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. Last Updated: 07/27/2016

Foreign Buyers Snap Up Gazprom

Shares in Gazprom closed up 13 percent Tuesday, as the gas monopoly's local stock opened to international investors for the first time following a government reform put in place by President Vladimir Putin at the end of last year.

The company's stock was also helped by the much-publicized deal Gazprom struck with Ukraine over the New Year's holiday, which is expected to boost its revenues by an estimated $2 billion annually.

"This is something that investors have been waiting for for nearly a decade. It's the end of an era," said James Fenkner, a managing partner at Red Star Asset Management fund.

While local shares are not yet available on either of the two main Moscow trading platforms, the RTS and MICEX, brokers with access to the smaller St. Petersburg Stock Exchange, where Gazprom locals are currently sold, were snapping up shares for foreigners.

"We have been getting foreigners into Gazprom locals as quickly as we can," Roland Nash, head of research at investment bank Renaissance Capital, said by telephone Tuesday.

No less than 57 million shares changed hands Tuesday, Nash said, roughly double the figure previously considered a good day's trading.

"What happened today is that it is a level playing field, international investors are treated equally to Russian investors, they do not need to hide behind the local structure," Fenkner said.

Until now, foreign ownership in Gazprom had been limited to 20 percent of the company's shares. Unable to buy the gas giant's stock domestically, the only option for foreign investors was to buy its London-listed American Depositary Shares.

Yet analysts estimate that foreigners already own more than 20 percent as a result of quasi-legal gray schemes that allowed foreigners to buy rights to the gas giant's shares through Russian companies.

For Gazprom, it is a momentous event, Fenkner said, because the whole idea of the two-tier system employed to protect the company from being bought by foreigners on the cheap is no longer in place.

Gazprom shares surged 13 percent to a record 219.80 rubles ($7.60) by the close of trading Tuesday in St. Petersburg, the first business day in Russia after the weeklong New Year's break.

Although trade was opened to foreigners Tuesday, trading in Gazprom locals is not expected to begin in earnest until the shares are included in the dollar-denominated Russian Trading System and ruble-priced Moscow Interbank Currency Exchange, analysts said.

"In practice, we are not expected to see much volume in the following two weeks," said Chris Weafer, the chief strategist at Alfa Bank.

"The systems for settlement of transactions [at the RTS and MICEX] are not yet in place," he added.

A source in Gazprom said late Tuesday, however, that was is only a matter of days before the RTS and MICEX joined in the Gazprom stock trade.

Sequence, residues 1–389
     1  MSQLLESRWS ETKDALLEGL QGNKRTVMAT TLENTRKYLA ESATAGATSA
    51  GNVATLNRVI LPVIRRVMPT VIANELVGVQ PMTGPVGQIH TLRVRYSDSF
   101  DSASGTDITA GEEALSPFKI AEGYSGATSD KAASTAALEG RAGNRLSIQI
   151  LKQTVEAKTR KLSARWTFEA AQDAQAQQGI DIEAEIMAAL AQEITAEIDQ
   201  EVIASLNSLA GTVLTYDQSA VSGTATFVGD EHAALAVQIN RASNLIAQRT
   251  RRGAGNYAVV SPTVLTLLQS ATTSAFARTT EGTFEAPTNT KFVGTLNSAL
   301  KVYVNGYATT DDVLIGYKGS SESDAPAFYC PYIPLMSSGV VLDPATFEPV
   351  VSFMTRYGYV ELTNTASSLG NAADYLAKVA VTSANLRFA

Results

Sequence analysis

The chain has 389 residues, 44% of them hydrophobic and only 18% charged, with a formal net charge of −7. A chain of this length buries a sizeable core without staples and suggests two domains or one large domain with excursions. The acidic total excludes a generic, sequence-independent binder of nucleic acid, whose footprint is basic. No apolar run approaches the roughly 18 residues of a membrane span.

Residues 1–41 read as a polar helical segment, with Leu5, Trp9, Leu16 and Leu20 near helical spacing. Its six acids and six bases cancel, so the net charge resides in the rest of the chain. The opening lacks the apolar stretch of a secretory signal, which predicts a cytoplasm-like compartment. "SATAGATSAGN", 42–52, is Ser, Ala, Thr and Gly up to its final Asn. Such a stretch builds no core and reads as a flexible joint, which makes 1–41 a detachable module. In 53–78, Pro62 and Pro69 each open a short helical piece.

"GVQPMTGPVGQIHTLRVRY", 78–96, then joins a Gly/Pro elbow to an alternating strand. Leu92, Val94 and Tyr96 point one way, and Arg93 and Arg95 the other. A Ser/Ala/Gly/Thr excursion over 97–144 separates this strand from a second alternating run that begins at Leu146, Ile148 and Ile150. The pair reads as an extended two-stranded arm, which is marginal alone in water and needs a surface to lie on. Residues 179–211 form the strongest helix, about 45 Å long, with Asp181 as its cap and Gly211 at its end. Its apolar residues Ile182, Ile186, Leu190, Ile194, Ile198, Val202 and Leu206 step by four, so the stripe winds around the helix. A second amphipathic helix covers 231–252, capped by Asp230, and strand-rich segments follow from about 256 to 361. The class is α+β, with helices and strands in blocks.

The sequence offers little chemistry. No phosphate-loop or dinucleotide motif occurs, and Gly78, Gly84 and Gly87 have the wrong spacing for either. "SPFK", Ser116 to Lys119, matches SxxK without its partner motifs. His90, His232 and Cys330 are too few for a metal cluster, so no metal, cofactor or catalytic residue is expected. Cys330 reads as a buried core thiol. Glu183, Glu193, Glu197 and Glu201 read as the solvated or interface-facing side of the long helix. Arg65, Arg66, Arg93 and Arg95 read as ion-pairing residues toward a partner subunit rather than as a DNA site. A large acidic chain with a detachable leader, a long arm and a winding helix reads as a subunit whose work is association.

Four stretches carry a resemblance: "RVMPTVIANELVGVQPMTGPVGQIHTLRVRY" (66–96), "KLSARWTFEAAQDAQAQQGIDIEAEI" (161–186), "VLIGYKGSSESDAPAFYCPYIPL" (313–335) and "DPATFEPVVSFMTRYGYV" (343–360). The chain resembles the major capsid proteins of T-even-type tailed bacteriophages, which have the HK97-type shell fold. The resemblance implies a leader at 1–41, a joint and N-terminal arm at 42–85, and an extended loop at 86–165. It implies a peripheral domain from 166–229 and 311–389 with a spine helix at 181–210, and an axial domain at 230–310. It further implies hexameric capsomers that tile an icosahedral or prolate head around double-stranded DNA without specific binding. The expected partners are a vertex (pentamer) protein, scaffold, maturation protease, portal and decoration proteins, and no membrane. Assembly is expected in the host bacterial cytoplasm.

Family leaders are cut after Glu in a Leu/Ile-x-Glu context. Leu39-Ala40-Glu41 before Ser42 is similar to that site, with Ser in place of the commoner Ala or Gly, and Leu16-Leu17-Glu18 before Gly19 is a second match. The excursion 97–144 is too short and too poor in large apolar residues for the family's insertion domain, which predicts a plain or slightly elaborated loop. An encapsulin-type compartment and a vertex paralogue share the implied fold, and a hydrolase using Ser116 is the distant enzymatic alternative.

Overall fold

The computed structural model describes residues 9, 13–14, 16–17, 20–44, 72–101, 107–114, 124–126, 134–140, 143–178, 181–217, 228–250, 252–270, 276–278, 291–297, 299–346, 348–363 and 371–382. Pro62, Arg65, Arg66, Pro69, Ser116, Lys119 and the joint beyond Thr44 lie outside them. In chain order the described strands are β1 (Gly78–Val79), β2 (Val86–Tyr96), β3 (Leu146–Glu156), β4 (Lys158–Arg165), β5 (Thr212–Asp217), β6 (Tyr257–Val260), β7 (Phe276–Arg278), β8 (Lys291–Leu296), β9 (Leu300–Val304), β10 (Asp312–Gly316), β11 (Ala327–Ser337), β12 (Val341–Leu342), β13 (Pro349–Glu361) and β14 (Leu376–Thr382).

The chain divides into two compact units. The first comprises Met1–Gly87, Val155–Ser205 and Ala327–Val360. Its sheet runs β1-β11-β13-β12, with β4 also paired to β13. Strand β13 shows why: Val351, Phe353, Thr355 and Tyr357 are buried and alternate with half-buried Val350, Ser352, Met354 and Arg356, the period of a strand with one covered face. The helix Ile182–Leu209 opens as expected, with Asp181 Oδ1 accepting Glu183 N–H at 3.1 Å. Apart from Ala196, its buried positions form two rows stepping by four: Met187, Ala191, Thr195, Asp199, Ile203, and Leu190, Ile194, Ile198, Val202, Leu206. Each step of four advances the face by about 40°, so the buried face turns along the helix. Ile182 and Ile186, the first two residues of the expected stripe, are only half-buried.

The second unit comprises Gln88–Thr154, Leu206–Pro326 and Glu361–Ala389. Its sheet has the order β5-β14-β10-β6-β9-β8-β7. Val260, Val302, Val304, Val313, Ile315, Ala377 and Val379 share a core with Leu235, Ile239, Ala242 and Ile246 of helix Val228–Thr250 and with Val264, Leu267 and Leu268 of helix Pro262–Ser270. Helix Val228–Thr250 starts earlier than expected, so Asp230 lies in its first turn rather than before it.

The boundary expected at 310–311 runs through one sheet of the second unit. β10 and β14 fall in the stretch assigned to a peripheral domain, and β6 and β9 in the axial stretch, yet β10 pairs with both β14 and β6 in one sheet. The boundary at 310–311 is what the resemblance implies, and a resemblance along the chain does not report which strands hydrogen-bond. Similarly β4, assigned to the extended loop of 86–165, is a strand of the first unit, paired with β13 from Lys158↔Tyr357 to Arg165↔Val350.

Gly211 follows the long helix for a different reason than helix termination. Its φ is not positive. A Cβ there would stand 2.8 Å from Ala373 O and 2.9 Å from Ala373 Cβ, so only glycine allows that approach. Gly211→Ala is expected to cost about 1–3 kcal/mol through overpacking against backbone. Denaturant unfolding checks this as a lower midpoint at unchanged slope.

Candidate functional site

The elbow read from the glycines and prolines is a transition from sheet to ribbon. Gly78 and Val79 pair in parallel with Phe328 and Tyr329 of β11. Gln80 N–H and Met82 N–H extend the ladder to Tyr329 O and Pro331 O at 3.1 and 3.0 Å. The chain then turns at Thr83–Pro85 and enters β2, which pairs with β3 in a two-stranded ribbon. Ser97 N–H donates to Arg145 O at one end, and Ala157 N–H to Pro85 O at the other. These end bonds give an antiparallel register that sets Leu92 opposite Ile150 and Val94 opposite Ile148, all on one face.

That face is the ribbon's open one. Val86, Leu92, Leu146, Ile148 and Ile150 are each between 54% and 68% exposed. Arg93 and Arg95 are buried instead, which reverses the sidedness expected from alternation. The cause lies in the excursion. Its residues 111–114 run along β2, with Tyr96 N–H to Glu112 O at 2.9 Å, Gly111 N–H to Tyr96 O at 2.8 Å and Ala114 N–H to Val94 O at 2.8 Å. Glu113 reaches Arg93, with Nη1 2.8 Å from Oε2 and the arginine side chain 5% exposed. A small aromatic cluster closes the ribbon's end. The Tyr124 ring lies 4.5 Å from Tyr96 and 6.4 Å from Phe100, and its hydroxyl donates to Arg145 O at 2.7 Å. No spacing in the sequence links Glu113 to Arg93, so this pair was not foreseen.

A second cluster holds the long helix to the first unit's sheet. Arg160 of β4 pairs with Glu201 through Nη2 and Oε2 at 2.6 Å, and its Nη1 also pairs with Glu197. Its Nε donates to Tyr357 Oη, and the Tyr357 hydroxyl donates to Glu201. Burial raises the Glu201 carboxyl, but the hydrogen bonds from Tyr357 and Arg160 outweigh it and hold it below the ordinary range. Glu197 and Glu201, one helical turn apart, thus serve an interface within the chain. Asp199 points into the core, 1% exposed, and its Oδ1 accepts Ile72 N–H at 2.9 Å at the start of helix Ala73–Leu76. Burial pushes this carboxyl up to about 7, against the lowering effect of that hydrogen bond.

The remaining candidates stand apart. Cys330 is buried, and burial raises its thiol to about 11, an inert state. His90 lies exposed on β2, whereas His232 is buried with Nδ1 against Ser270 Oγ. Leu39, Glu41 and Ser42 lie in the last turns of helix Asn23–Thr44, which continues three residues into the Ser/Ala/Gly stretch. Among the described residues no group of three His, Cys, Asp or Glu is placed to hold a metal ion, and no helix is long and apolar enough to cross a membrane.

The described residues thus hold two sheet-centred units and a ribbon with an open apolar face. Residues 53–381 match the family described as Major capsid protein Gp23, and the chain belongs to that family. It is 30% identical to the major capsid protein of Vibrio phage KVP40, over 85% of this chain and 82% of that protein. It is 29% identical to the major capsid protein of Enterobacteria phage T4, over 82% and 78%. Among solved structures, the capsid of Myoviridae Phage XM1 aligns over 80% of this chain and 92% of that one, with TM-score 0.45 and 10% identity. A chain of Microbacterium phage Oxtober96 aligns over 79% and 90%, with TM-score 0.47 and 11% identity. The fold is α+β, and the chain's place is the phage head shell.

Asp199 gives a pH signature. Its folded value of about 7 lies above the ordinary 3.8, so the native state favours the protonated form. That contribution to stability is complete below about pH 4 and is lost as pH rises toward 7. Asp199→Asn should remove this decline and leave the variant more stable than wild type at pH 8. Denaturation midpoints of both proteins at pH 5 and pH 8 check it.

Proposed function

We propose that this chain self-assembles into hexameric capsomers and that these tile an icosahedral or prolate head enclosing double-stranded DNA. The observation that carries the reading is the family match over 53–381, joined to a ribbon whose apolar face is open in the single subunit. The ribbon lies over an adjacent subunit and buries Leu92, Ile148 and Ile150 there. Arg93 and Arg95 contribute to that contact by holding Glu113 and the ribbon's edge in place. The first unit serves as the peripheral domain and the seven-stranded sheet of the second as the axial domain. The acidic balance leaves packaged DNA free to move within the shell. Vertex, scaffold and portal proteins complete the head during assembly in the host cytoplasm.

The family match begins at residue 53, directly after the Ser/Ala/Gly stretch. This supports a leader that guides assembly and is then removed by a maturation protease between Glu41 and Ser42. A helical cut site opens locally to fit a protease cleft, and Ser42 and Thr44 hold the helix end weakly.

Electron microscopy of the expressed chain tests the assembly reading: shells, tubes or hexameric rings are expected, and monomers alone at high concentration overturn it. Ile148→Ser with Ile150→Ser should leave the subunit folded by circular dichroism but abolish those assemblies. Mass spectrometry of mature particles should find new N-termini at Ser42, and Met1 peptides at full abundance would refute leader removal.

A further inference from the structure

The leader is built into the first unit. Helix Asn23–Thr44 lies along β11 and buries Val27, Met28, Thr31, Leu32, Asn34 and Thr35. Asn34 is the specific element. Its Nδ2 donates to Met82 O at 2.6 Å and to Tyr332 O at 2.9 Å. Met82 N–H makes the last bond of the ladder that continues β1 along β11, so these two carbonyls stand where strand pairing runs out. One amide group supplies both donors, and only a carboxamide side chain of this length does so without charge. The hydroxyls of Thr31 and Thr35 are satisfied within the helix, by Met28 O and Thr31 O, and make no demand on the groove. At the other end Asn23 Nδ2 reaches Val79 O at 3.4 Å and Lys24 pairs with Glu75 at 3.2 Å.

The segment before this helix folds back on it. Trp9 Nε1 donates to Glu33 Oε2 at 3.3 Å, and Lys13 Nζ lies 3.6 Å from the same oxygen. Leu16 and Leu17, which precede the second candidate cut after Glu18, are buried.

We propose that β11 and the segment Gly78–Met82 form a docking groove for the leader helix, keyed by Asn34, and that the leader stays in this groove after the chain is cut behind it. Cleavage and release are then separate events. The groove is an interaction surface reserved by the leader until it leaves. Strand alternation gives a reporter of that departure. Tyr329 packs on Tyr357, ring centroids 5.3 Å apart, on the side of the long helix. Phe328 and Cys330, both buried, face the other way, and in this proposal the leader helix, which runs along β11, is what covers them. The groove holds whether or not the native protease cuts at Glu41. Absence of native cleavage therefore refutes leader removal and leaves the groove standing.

"There are no limits left; any foreigner can buy as much shares as he likes," he said.

Weafer said the rise in Gazprom's local price on Tuesday followed 15 percent growth in the price of ADSs over the past five days, with the Russian market catching up after taking the first week in January as a holiday.

In addition to the upcoming share liberalization, investors had cheered the deal that Gazprom struck with Ukraine last Wednesday, days after turning off its supply of gas in a dispute over prices.

Under the deal, Ukraine's state-owned gas company agreed to nearly double the price it pays for Russian gas.

"The reason they like it is the $1.5 billion to $2 billion in extra revenue every year Gazprom will generate from sales to Ukraine. Secondly, it confirms that Gazprom is moving away from its role as a proxy for Russia's foreign aid program," Weafer said.

Looking ahead, analysts do not, however, expect Gazprom shares to continue posting gains for the rest of the year.

"Gazprom shares will only surge again if it buys more oil assets like it did with Sibneft last year," said Dmitry Mangilev, an oil and gas analyst with brokerage Prospekt.

Gazprom last year paid $13.1 billion for 72 percent in oil major Sibneft, which was previously controlled by Chukotka Governor Roman Abramovich.

Similarly, growth on the RTS and MICEX indexes, which last year broke the 1,000-point mark for the first time, is expected to slow this year.

"We won't see the same growth as in 2005," said Sergei Zagoruiko, a trader at MDM Bank, estimating the RTS would not go beyond 1,300 or 1,400 this year.

Still, given the high level of oil prices, there will be something of a post-New Year's rally, Zagoruiko said.

The RTS closed up 5.8 percent at 1,190.34, while the MICEX climbed 5.3 percent to 1,064.91.

Russia's largest oil producer, LUKoil, soared 7 percent to a record $63.55, while the No. 4 oil major, Surgutneftegaz, surged 13 percent to $1.227.

Staff Writer Catherine Belton contributed to this report.